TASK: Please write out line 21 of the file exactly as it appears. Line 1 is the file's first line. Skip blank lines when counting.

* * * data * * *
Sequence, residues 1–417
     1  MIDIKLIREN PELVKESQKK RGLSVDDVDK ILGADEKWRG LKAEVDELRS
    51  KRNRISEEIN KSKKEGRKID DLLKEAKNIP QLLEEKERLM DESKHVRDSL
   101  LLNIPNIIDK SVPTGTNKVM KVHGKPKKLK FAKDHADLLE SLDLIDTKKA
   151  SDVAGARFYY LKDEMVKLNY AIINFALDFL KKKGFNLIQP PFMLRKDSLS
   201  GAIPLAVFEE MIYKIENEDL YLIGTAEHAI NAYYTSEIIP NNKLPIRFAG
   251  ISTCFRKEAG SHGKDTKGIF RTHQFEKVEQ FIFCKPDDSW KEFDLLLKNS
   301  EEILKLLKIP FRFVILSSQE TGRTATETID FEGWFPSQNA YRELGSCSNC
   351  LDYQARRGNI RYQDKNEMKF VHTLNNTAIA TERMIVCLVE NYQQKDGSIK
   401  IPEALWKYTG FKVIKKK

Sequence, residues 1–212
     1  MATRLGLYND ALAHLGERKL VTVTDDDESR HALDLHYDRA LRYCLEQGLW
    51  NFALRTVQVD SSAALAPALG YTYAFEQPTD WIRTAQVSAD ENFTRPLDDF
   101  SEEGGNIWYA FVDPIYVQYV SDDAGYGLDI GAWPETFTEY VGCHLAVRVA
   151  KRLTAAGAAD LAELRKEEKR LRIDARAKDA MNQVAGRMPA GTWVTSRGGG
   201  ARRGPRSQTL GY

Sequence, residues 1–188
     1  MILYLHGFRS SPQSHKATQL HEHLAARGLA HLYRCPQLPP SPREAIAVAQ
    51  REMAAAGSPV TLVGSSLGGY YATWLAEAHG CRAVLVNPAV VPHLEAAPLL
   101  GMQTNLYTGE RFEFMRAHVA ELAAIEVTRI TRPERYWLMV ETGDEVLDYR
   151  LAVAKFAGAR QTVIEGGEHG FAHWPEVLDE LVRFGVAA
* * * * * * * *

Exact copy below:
   151  LAVAKFAGAR QTVIEGGEHG FAHWPEVLDE LVRFGVAA